A young woman wearing a simple white wedding gown descended the stairs into the waiting area of the El Paso County Clerk and Recorder's Office on Thursday, clutching the arm of her soon-to-be husband. They carefully made their way to the receptionist's desk to pick up an application for a marriage license before their afternoon wedding.

"I think that anywhere Maria is is the most romantic place in the world," said Daniel Garcia, 29, an Army specialist and medic.

It all makes sense after reading a study released Thursday.

The Wall Street Journal commissioned Facebook to declare the 50 most romantic cities in the country, and guess who made the top of the list? Nope, not San Francisco with its gorgeous, foggy scenery. Not New York City with its never-ending nightlife. That's right - Colorado Springs. Now go pick your jaw up off the floor and kiss your sweetheart.

The folks at Facebook chose a month at random - October - and ranked major U.S. cities according to the percentage of singles that went from "Single" to "In a relationship," the article reported.

"I do think it's romantic, the scenery is beautiful," said Garcia's fiancee, Maria Cristina, 29. "There's beautiful weather here."

The Wall Street Journal story spread rapidly on - you guessed it - Facebook.

"It's probably all the sunshine and being outside," said Sarah Martin, who popped in to shop at CJ Kard, a greeting card and gift store downtown. "I think when you walk outside and it just feels nice and you look at Pikes Peak and feel more in love anyway, it's easy to pass that feeling on to somebody. You say I feel so beautiful and you pass somebody and you think you look so beautiful and I want to give you a big hug."

Martin should know. She met her boyfriend while teaching a yoga class in Monument Valley Park a year and a half ago.

In the middle of a day of nonstop gift wrapping, Karen Rivera, Terra Verde's marketing person, called foul.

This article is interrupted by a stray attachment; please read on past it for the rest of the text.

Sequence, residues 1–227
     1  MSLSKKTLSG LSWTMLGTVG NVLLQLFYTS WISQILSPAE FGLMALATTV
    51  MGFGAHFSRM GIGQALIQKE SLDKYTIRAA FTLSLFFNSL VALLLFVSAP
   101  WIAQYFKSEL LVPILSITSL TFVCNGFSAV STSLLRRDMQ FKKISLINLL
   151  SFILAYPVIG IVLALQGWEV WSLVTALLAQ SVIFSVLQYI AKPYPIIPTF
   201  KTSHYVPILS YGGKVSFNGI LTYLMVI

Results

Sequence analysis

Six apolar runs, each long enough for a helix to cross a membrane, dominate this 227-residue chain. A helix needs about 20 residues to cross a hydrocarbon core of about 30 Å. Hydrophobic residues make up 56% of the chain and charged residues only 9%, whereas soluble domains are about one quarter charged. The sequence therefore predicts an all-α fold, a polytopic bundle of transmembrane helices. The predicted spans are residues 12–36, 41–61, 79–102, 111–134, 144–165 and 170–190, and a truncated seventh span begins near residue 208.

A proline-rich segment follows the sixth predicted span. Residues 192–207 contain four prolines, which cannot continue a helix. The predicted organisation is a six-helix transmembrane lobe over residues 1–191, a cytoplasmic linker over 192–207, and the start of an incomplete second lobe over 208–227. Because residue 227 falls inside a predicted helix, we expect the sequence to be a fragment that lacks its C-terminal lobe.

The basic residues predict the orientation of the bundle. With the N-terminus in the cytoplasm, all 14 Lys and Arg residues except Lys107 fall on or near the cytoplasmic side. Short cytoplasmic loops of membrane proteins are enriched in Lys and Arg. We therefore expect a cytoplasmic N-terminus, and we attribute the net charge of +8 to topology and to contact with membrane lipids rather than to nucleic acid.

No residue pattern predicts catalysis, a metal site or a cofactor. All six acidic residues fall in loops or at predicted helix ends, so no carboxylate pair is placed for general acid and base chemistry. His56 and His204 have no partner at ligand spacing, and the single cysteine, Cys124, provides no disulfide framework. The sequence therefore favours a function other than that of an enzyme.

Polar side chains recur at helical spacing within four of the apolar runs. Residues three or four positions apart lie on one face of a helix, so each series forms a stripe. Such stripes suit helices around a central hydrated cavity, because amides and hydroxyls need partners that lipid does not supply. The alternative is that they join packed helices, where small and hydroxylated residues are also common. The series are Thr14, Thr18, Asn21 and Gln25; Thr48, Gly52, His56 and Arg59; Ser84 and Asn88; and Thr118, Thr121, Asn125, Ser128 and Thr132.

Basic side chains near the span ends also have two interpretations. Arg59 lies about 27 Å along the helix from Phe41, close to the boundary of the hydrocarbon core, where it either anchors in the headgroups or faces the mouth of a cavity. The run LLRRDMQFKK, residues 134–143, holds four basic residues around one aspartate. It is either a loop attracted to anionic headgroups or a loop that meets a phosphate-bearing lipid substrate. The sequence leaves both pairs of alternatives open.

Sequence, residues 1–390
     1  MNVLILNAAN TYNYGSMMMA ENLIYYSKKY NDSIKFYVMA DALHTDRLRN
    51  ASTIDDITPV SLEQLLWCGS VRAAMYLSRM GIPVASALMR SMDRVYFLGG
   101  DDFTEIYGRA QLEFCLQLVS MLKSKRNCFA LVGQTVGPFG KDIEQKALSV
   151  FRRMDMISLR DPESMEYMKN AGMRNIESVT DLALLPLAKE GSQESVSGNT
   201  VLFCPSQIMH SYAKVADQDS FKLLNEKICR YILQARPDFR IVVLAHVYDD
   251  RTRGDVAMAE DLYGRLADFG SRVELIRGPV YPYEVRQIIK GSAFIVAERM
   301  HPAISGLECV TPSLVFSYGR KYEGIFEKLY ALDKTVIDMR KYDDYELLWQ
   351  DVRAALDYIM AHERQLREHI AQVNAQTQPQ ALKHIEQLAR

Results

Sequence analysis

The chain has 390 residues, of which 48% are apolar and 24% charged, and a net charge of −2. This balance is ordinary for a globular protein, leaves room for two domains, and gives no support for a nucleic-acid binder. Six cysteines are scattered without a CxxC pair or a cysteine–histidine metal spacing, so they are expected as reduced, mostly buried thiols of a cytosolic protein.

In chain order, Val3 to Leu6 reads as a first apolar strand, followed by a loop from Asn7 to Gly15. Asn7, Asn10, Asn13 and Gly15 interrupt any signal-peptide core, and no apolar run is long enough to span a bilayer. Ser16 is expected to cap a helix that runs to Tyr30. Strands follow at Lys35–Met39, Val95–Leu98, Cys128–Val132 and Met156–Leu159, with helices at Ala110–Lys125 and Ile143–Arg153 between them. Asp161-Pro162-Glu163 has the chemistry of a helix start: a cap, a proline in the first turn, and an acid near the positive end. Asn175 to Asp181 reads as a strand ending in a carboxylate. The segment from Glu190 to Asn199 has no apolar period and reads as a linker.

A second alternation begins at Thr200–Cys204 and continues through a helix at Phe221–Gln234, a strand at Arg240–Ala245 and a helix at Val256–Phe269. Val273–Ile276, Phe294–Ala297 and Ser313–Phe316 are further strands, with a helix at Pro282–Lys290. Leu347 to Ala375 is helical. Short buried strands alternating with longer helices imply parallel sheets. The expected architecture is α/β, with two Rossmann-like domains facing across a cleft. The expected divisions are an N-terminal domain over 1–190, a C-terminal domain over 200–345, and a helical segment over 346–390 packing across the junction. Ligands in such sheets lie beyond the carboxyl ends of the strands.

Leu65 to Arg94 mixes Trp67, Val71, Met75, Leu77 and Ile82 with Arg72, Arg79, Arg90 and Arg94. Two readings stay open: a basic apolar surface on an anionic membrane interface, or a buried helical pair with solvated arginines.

"I thought the headline ("Facebook: Springs is the place for romance") was a little deceptive because it analyzed the number of people heading into a relationship in Colorado Springs," she said. "That means when a deployment happens, everybody bonds, so as a single woman, why would you want to come to a place where everybody's in a relationship?"

She did back down some, though.

"We have firefighters and soldiers - you put a man in uniform and that's romantic."

Charles Zerbe, owner of Zerbe Jewelers, wasn't surprised by Facebook's finding. He meets romantic men every day, and ring sales are up, especially in the military category.

"We've got one squadron where I think we've married about half of the guys now," he said.

Would he use the most romantic city designation as advertising fodder?

"I wouldn't say I would be above it," he said. "I don't know if it's got legs, but it's a thought."

It's more about chemicals for the owner of Hyacinth's Boutique and Spa, who finds her city rife with romance.

"It's an issue of the high altitude," Claudine Malcolm-Telley said. "It warps our brain. We exercise a lot and the dopamine makes us happy and happy people fall in love. I'm not surprised."

She met her husband at a gas station. He walked up to her as she filled up her car, told her she was pretty and gave her his phone number.

"That line would never have worked on me in New York," she said.


Contact Jennifer Mulson: 636-0270 and jen.mulson@gazette.com